Import/ Export Process – Phase 3: Logistics or Delivery Export Three main parties work with the seller/ exporter –C&F Agent Exporters responsibility when Incoterms require that the seller ships to destination port or clears goods in country of origin Incoterm defines who carries risks/ responsibilities Seller must make sure that the correct quantity and quality is delivered at the right price and that deadlines are met Make sure that the following is provided to the C&F agent: Detailed shipping instructions, F178, Certificate of Origin, Consular invoice, Commercial invoice, Export permits, Packing list, Copy of L/C They must all be 100% correct or nothing will be cleared when it arrives at port in the buyers’ country and the L/C will not be paid. A good agent will make sure that even a new employee at the seller’s office will get this right – if you struggle, the person who is your contact here will always be able to help you set up correct documentation. When exporting to the USA make sure that the ISF is set up and sent two days before the vessel sails. Make sure your agent is on top of this. A copy of this document is provided as an example.
Import/ Export Process – Phase 3: Logistics or Delivery Export The C&F Agent and Customs C&F Agent provides SAD500/ SAD501 (Bill of Entry) and all other relevant documentation (like the ISF) to Customs C&F agent requests Customs clearance in country of origin Customs will clear goods if all paperwork is correct.
Import/ Export Process – Phase 3: Logistics or Delivery Export Exporter and Shipping Agent/s The exporter/ seller hands over the goods to the shipping companies involved in the movement of goods This could involve many steps – first a move from the factory/ warehouse to the port by rail/ road – shipping agent will provide bill of lading to show cargo has been picked up. By rail this would be a rail consignment note At the port, the goods will be accepted and will be moved to the ship as per the schedule A draft bill of lading will be issued that needs to be checked – all parties that need to be notified, which would include the C&F agent in the importing country, the buyer and the address where it will be delivered to. Make sure all the information is correct, including the HS Code as some items are duty free and others are not. The wrong code can lead to problems when something was supposed to be duty free. The shipping agent then issues the bill of lading or airway bill if all is correct and moves the goods as per the contract. When goods are moved between countries on the same continent, this could also just involve a Road manifest or a Rail Consignment Note – for example process in BLNS countries. Take photos of cargo being picked up in case there is damage along the way … The bill of lading, air waybill, road manifest or rail consignment note will be given to Customs for Clearance purposes at the port of arrival in the country of import. The C&F agent will courier necessary documentation to issuing bank and buyer for customs clearance in country of import.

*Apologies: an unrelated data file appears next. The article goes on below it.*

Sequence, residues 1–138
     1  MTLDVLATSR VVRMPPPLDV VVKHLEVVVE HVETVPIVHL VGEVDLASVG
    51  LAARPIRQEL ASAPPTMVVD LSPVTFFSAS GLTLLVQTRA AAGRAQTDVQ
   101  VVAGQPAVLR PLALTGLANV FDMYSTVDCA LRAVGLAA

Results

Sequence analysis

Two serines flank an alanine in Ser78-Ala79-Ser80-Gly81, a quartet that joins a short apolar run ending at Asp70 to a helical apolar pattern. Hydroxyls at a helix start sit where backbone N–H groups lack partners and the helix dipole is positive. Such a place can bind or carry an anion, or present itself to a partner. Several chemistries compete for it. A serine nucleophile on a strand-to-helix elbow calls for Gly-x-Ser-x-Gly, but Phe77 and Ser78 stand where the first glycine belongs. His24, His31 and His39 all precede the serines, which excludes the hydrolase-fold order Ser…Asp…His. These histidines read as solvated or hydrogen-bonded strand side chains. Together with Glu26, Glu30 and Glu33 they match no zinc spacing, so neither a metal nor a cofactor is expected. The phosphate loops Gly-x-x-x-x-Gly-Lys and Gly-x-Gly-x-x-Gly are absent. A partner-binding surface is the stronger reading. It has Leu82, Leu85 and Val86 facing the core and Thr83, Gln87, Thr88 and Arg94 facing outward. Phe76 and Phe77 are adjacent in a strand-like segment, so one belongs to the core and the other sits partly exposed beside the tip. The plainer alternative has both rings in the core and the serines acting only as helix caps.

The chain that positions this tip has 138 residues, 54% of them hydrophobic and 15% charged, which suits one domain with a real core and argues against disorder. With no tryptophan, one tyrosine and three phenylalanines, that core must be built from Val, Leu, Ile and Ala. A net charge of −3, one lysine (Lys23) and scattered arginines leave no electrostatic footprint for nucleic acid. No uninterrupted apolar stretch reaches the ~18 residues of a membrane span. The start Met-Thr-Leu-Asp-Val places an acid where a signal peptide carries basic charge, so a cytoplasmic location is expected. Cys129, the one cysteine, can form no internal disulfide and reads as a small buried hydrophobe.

Import/ Export Process – Phase 4: Imports Once cargo has been shipped and the bill of lading has been sent to the C&F agent of the buyer/ importer, the C&F agent sends Customs the necessary paperwork for customs clearance in the country of import. Documents involved include SAD500, 501, 502, 503, 505, 507, 554 SAD501 – Bill of Entry (EDI) Once cargo is available for transport to buyer, the C&F agent notifies the primary mode of transport with a notice of arrival and pickup number – an appointment is made and cargo is picked up The buyer provides the C&F agent with instructions and documents as to where goods will be delivered. Specific example – what happens at the border of BLNS countries Types of cargo – FCL, LCL, Bulk, Break-bulk
Imports/ Exports Process Summary Phase 1 – Negotiate and securing the dealNegotiatesecuring Phase 2 – Payment phasePayment Phase 3 – Logistics and delivery exportsLogisticsanddelivery Phase 4 – Logistics and delivery importLogistics